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Roger Grenier, Introduction to Alice Kaplan’s presentation of THE INTERPRETER

Paris, October 6, 2005
The Village Voice Bookshop/ La Librairie Village Voice

I have to explain why I am here to present Alice Kaplan’s new book, THE INTERPRETER.
First of all, I should say that I knew her while she was doing research for her book about the trial of Robert Brasillach. She wanted to meet me because, as a journalist after the Liberation, I attended many trials of collaborators. Unfortunately, not Robert Brasillach’s trial. But Alice Kaplan and I became good friends and I am very grateful to her, because she translated three of my books into English.

And now, I must confess to you publicly that I have some responsibility for the existence of The Interpreter.

I had a friend, the great French writer Louis Guilloux, who was himself a close friend of André Gide, André Malraux, and Albert Camus. Guilloux, who was a Breton, spent the war in Saint-Brieuc. And there, at the time of the liberation of Britanny, he was hired by the American Army 8th Corps Judge Advocate Division, located in Morlaix, as an interpreter in their court-martial. His job was to translate into English the testimony of French witnesses during the investigations and the trials. Louis Guilloux followed this American court-martial from Morlaix to Saint-Quentin. He saw GIs judged for crimes – including rapes and murder – against French citizens.

Imagine that little man, with a typical Breton face, his left hand always clenching his pipe, and wearing, for the occasion, the uniform of an American officer.
That experience of his ended with a book, of course. A book entitled O.K. Joe -- a novel, but a novel where he changed very little. That’s where my responsibility begins. I gave O.K. Joe to Alice. She was so interested in it that she translated that little book for The University of Chicago Press. But this was not enough for her. She embarked upon a vast investigation of U.S. Army Courts-Martial during the Second World War. I suppose she will tell you, in a moment, how that research took her to the U.S. army archives in College Park, Marlyand, to the families of condemned G.I.s in the Deep South, to the villages of Brittany. She even found the secret cemetery, near Soissons, where the American Army buried the soldiers it sentenced to death and hanged. Perhaps she will tell you that the most difficult challenge of all was getting permission to take a look at Guilloux’s manuscripts in the municipal library of Saint-Brieuc.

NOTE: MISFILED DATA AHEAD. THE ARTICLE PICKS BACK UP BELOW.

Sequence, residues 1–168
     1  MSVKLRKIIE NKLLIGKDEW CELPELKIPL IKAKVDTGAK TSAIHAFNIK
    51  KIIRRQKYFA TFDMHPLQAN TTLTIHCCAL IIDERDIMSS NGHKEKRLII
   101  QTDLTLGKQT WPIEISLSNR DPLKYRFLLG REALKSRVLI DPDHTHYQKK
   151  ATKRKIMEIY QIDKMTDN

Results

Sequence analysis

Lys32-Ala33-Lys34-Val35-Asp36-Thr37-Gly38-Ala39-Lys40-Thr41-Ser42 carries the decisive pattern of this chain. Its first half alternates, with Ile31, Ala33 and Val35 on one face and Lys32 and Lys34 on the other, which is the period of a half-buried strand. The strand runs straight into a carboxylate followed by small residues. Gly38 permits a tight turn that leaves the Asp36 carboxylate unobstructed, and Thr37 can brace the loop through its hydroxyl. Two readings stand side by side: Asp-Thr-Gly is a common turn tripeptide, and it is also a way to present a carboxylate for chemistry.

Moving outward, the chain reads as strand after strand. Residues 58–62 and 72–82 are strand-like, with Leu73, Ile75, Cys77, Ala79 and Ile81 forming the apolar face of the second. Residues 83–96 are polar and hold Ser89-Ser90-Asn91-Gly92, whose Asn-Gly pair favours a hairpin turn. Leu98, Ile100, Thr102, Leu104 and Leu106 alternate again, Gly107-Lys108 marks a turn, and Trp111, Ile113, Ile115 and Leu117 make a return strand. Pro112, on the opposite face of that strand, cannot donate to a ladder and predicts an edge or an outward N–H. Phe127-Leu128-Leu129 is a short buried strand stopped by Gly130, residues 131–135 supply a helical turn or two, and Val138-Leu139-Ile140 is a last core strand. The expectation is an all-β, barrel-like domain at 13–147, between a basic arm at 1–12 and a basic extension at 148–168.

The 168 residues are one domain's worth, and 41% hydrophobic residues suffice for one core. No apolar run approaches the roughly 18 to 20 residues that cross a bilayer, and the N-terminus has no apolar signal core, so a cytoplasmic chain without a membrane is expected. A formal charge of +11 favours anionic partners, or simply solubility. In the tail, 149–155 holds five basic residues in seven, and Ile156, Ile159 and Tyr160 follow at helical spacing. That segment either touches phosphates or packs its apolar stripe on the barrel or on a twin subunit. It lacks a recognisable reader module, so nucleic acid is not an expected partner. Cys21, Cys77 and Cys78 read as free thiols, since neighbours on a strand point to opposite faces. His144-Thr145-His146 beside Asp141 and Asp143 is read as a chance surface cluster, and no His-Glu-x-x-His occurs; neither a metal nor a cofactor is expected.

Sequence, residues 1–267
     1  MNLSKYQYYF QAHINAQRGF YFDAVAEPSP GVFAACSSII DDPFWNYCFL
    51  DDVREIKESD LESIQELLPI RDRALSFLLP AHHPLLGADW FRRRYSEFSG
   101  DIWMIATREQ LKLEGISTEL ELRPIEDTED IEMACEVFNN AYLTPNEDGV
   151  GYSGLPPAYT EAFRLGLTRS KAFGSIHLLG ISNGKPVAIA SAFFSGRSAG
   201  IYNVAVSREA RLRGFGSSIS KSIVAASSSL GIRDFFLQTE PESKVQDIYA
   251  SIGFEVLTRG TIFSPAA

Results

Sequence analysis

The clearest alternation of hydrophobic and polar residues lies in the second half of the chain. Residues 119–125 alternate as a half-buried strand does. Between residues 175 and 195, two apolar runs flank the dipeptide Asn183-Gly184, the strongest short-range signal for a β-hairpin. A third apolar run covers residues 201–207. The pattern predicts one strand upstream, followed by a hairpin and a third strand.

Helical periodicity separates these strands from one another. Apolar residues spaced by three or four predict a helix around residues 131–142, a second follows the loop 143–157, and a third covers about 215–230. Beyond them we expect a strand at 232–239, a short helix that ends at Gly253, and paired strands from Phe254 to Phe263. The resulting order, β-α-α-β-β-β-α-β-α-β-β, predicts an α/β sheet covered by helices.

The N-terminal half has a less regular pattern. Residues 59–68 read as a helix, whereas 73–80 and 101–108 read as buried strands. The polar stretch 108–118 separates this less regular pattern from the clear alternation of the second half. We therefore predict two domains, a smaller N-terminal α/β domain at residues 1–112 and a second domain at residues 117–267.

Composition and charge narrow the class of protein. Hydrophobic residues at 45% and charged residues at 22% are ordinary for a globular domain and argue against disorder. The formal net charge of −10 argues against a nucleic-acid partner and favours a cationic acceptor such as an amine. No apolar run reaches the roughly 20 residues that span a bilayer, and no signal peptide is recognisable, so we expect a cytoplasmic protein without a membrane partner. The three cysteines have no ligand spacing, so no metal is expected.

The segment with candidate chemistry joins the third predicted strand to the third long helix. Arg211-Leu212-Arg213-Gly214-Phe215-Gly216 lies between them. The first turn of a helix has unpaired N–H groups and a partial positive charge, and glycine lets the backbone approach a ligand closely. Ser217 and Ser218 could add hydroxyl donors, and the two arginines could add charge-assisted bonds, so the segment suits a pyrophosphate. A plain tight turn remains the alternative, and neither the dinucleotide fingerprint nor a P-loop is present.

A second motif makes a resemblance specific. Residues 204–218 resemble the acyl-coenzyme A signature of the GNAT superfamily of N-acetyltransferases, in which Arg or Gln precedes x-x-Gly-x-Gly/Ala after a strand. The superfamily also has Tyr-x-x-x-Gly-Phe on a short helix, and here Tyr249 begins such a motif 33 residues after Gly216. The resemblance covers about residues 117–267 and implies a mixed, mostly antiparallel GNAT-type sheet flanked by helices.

In the end, Alice Kaplan wrote a book where each fact is true, but where the tone is not that of a standard history. The Interpreter, which begins with the execution of a black soldier at Plumaudan, in the Côtes du Nord, is a narrative with a writing style that belongs to literature. With her, we follow the American court martial as it moves across France. And always, in a corner of the picture, is that puny little man, Louis Guilloux, the moral conscience of the story.
 

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